It’s out of print, a familiar moniker for those seeking titles long since published, particularly when the author put their best foot forward on the first attempt and nobody has been able to match it since. The publisher has a choice to make: do a small run and risk sitting on 999 copies, or forgo the cost along with the potential revenue. In either scenario, the author has little to gain. Meanwhile, by the time the house has distributed the second printing, the original purchaser has already made their decision – picking up a used copy in the secondary marketplace.
They could have bought the eBook.
Authors are fretting that the pricing strategies employed with eBooks are putting the pinch on their ability to make a living. What was once a $75,000 advance has turned into a $15,000 upfront slug, and some are now questioning whether their creativity must now be supplemented by a W2 plus dental insurance. The price gap between the tangible and intangible delivery is supposedly the cause, but in economic terms the responsibility for success is being spread further across participants in the system.
Based on Wall Street Journal estimates, a large publishing house takes 50% of the retail price of a debut literary fiction. After paying the author their cut, the publisher still has to cover costs for editing, design, marketing, and the printing itself.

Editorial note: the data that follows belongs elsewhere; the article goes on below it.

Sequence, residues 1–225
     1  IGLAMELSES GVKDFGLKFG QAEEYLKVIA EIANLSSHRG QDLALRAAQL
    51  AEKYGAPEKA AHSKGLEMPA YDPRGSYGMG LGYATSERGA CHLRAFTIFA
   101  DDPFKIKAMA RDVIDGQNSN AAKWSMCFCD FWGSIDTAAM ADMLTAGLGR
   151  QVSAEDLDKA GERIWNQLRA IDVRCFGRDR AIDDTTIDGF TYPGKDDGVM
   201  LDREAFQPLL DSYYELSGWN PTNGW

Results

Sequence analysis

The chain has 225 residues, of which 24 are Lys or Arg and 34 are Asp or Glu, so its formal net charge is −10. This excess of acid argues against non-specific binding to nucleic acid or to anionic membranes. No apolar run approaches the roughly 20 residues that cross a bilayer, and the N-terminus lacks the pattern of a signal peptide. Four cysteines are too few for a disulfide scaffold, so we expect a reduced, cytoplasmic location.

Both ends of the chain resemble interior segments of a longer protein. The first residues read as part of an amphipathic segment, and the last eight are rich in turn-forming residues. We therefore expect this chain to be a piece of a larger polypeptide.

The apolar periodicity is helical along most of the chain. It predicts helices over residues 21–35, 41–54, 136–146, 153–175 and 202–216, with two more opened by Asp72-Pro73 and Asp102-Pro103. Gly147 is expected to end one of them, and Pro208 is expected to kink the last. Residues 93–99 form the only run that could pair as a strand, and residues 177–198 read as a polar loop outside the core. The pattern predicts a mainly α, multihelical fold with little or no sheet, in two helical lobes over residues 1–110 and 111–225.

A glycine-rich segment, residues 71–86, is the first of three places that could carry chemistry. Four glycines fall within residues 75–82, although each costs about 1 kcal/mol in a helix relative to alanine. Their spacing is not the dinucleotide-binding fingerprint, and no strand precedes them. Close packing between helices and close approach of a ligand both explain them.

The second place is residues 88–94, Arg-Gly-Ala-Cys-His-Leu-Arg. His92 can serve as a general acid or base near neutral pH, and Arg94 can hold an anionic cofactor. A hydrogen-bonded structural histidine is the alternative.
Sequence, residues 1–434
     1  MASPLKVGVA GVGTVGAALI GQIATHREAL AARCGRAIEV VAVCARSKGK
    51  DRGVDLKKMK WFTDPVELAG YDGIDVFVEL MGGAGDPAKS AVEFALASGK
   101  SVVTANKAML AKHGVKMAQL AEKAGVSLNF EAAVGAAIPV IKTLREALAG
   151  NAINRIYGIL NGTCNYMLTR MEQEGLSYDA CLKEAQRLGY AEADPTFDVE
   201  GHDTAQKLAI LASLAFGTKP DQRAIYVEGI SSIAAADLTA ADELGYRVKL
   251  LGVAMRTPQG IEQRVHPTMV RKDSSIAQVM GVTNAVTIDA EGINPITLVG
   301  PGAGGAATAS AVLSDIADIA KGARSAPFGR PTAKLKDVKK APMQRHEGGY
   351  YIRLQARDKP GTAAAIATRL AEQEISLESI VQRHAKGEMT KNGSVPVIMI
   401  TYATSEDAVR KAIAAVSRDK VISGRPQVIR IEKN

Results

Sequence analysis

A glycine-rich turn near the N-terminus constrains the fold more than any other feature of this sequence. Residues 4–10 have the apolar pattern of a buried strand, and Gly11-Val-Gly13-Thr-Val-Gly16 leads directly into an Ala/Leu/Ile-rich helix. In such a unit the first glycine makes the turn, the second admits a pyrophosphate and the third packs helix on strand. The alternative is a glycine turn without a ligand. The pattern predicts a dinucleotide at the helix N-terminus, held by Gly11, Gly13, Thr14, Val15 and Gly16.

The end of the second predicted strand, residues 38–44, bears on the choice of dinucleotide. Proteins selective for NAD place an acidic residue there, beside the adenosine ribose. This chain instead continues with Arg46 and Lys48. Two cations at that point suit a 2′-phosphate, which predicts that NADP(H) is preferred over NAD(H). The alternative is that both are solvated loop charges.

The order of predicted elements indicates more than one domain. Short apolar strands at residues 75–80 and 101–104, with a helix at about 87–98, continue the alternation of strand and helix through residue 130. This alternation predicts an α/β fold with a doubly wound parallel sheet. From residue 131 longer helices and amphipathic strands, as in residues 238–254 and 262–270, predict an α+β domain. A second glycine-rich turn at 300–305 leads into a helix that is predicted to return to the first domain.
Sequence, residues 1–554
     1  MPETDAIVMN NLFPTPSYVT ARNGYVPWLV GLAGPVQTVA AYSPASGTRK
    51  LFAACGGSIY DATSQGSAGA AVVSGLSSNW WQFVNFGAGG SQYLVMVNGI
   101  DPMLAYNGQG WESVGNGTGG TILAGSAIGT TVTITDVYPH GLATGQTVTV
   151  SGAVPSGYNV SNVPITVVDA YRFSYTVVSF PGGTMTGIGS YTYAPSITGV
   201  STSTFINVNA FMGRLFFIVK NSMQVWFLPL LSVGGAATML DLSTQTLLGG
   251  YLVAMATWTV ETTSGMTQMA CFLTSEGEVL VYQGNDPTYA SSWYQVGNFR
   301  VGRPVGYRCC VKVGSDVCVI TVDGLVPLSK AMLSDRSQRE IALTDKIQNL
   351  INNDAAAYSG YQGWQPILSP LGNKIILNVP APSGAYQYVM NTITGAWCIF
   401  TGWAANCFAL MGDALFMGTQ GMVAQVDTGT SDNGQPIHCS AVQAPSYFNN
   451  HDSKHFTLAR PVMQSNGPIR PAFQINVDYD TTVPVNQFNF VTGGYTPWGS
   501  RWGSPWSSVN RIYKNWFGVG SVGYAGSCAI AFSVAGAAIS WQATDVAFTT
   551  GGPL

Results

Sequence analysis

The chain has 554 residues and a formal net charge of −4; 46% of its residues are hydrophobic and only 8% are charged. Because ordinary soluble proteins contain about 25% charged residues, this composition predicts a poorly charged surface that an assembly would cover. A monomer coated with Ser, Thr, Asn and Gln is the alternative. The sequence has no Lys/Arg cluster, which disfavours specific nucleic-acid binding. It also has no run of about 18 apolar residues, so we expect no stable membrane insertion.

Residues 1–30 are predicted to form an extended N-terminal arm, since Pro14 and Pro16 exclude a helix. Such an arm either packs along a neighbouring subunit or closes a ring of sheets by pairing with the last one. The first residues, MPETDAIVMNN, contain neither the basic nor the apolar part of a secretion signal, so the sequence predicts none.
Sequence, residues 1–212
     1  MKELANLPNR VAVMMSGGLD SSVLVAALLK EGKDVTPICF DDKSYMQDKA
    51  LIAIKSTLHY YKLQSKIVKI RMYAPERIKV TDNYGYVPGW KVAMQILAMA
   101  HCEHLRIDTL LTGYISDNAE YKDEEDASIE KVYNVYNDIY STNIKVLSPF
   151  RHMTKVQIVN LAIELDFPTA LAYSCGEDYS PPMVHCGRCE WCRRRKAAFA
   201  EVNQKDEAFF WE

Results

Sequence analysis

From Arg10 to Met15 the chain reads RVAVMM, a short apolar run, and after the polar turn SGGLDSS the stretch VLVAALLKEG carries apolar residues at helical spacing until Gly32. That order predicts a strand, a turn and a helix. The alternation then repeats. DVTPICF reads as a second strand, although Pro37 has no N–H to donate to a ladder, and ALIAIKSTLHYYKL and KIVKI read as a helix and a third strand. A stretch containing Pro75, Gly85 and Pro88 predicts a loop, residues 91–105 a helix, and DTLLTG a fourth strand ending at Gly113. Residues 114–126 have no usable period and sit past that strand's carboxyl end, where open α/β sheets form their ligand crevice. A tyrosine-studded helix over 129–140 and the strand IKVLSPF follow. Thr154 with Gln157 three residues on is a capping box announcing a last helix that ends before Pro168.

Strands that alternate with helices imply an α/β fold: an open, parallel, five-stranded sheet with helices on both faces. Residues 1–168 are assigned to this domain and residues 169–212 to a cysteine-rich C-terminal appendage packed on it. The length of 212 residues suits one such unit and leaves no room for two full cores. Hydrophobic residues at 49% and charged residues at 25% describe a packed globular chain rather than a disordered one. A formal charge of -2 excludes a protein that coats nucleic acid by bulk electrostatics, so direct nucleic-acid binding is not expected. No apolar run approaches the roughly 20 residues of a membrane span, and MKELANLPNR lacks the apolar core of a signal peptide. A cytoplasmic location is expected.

Under the eBook scenario, the price drops by 54%, but the publisher and author are now taking a bigger piece of the pie. The publisher’s share is down five dollars per book, but printing costs are no longer in the picture. We’ll assume that other publication costs fall too, but it’s likely the lion’s share of it was absorbed during the first printing. The publisher and author reap more of the rewards, but all players must work harder for success. At the writing level, selling 10,000 print editions is roughly equivalent to 18,500 eBooks1, as far as feeding the family goes. The retailer’s gross margin, however, is cut in half2, so you have to think they (i.e. Amazon) are in it for the volume.
Moving to small publishers, the outlook changes. Retail prices are lower across the board, but smaller print runs means higher distribution costs, hence a smaller percentage for the publisher and author. Call that a cost for being discovered, particularly where access to major publishing firms doesn’t exist. When you move to eBooks, however, you are now dealing with an organization bearing less overhead – it stands to reason more of the retail price of the book could be passed on to authors. If you (again) assume that editing, layout, and other fixed costs of production are absorbed during a first printing, it’s a slam dunk – with 20% of the retail price going to authors, 10,000 now equates to only 12,500 in digital form3.